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October 21, 2012
GAINESVILLE, Fla. -- The litany of breakdowns by South Carolina's special teams and the integral role they had in Saturday's 44-11 loss to Florida would make admirers of "War and Peace" envious.
The most glaring - fumbles by Ace Sanders and Damiere Byrd within a span of 3 1-2 minutes in the latter stages of the second quarter - gifted two touchdowns to the Gators, and quickly ballooned USC's halftime deficit to at 21-3.
Moments after Connor Shaw's fumble on USC's first offensive snap of the game had led to a short Florida touchdown pass, Bruce Ellington was separated from the football at the 21-yard-line on the ensuing kickoff. But disaster was averted when the Gamecocks recovered.
USC's kickoff coverage unit faltered again, allowing Florida to average 37 yards on a pair of kickoff returns. As a result, the Gamecocks' net kickoff average was a lowly 15 yards.
The Gamecocks botched an onside kick in the fourth quarter, allowing Florida to grab the ball and return it to the USC 11.
USC was out-punted by a margin of 14.7 yards per punt. Over the course of an entire game, that's a significant difference in yardage.
The good news? Adam Yates made 3-of-4 field goals and Victor Hampton returned a blocked PAT nearly the length of the field for a rare defensive two-pointer.
However, the negatives far outweighed the positives in the view of coach Steve Spurrier, who suggested that massive personnel changes, including the deployment of more first-team players, could be on the way.
"It was very disappointing the way we lost," Spurrier said on his post-game interview with the Gamecock Radio Network. "I don't know if we're playing too many guys that just can't play very well, or what."
Spurrier clearly laid the problems at the feet of the players and their lack of execution instead of first-year special teams coach Joe Robinson.
"Joe Robinson is one of the best special-teams coaches in the country," Spurrier said. "He's one of the best I've ever been around. We may need to put our starters more on special teams and try to get some guys out there that really care about what's going on. Florida's special teams clobbered us today."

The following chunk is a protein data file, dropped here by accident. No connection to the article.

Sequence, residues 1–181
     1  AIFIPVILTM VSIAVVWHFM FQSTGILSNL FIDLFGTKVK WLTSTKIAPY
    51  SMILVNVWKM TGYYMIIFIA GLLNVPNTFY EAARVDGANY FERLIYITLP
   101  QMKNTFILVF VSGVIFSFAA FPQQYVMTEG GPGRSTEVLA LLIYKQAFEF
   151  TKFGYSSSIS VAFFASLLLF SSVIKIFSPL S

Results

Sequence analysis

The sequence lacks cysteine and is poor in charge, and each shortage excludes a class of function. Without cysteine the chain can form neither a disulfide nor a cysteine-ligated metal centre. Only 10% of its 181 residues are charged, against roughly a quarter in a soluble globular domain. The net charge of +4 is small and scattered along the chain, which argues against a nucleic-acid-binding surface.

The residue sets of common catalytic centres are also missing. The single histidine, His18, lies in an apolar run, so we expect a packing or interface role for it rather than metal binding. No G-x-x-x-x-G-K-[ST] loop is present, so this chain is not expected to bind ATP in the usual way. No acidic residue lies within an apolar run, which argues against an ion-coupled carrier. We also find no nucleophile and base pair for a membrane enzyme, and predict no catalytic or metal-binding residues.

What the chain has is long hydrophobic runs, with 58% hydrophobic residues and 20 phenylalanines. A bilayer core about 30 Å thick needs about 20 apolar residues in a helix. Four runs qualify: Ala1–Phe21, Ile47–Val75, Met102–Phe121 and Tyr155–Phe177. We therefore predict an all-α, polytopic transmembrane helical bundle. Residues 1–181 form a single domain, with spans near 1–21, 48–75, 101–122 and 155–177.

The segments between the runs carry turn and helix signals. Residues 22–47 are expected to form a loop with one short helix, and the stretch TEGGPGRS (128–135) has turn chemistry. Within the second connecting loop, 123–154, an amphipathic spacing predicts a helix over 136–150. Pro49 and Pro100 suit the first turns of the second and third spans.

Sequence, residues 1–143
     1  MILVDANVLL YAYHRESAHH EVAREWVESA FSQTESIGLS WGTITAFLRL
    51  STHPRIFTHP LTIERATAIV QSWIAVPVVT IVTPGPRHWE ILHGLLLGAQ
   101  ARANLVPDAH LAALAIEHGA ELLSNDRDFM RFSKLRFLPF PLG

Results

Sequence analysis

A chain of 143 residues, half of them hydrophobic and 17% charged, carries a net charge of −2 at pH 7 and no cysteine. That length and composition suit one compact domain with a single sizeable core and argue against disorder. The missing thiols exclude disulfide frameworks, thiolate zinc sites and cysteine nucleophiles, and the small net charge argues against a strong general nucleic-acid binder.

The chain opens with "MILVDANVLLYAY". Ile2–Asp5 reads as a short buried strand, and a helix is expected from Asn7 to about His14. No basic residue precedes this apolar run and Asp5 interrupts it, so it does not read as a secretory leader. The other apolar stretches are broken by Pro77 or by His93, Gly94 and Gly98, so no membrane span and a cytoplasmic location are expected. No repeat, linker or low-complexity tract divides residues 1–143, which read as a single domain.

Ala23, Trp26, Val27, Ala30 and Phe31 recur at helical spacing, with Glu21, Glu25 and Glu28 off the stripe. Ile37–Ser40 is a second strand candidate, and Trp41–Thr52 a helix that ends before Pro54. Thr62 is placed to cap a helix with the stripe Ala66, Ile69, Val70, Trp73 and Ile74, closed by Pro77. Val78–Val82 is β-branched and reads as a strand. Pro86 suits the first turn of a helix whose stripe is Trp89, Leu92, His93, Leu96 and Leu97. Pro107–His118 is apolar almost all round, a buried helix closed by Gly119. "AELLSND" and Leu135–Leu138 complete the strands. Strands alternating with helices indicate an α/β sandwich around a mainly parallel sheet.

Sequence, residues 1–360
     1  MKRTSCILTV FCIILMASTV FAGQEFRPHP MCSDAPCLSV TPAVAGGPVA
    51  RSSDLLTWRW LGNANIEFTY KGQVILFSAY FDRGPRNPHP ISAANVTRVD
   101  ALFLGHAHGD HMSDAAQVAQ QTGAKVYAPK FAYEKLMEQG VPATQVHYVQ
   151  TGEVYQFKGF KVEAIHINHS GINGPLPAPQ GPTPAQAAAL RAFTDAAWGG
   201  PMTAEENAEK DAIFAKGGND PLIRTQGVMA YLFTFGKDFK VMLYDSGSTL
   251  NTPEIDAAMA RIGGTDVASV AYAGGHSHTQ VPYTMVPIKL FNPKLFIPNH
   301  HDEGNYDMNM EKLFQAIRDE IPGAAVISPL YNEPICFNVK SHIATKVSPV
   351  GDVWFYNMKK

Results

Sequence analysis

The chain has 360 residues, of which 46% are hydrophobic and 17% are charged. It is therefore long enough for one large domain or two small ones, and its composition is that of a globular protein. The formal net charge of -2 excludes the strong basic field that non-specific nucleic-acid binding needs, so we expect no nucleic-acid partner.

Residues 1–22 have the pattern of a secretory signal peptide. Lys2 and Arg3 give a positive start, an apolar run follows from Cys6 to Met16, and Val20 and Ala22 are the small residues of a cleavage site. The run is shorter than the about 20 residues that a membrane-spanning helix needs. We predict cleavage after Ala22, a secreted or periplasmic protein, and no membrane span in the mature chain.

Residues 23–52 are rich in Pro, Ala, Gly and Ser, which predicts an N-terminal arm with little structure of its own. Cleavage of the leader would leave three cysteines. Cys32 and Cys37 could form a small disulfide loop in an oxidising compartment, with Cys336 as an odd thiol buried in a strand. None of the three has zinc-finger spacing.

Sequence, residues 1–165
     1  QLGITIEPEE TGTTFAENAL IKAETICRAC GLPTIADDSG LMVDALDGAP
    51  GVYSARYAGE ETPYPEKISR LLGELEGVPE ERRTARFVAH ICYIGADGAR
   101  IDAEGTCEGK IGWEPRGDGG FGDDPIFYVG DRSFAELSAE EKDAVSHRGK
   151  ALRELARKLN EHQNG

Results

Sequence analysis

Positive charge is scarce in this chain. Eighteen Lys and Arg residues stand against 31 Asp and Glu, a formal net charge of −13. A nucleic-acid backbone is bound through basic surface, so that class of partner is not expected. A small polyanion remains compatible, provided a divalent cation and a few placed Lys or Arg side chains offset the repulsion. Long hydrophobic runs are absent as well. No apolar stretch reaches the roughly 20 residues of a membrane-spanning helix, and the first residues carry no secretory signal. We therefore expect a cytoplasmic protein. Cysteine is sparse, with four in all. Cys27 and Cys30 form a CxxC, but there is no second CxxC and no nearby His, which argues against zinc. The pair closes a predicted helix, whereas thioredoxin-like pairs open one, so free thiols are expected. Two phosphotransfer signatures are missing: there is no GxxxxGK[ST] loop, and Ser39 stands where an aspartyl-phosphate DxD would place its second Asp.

Sanders, one of the SEC's top punt returners through the first seven weeks, fielded a punt at the USC 33 with under seven minutes remaining in the second quarter, but went backwards. He lost his grip on the football and a mad scramble ensued along the sidelines in front of the Florida bench.
The Gators recovered at the USC 29 and scored in six plays on a 13-yard scoring pass to Quinton Dunbar, who eluded a pair of USC tacklers on the way to the end zone.
"The guy just knocked it out. It was a good play by them," Sanders said.
Moments later, Byrd was inserted into the game as the kickoff returner. He caught the kick a yard or two inside the end zone and brought it out. However, he didn't secure a firm grip on the football and it was jarred loose. The ball was scooped up by another Gator player at the USC 14 and returned to the 1-yard-line.
Two plays later, Florida scored its second touchdown in 58 seconds on a pass to all-SEC tight end Jordan Reed.
"It was just individual guys not taking care of the ball, somehow or another," Spurrier said. "Inexcusable. That shouldn't happen. It affected the whole team. When you fumble the ball and give them touchdowns three times in the first half, that's hard to overcome because we're not a great offensive team. We don't throw it very well. And, obviously, we're not running very well right now."
Will new players cure for USC's special teams woes? Perhaps. Spurrier appears ready and willing to give some different players a look to see if they can provide a spark.
"We definitely have to change some special-teams guys," Spurrier said. "We can't watch the other team run back to the 40-yard-line every game. It's embarrassing to all of us. We'll evaluate our personnel and get some new bodies out there.
"One thing we must do is find the guys that really want to play for South Carolina. If we have to cover kickoffs with D.J. Swearinger and (Jadeveon) Clowney and Chaz Sutton, (we'll do it). We can't watch the guys that are playing right now. We can't watch these guys laying it on the ground. It was sad."
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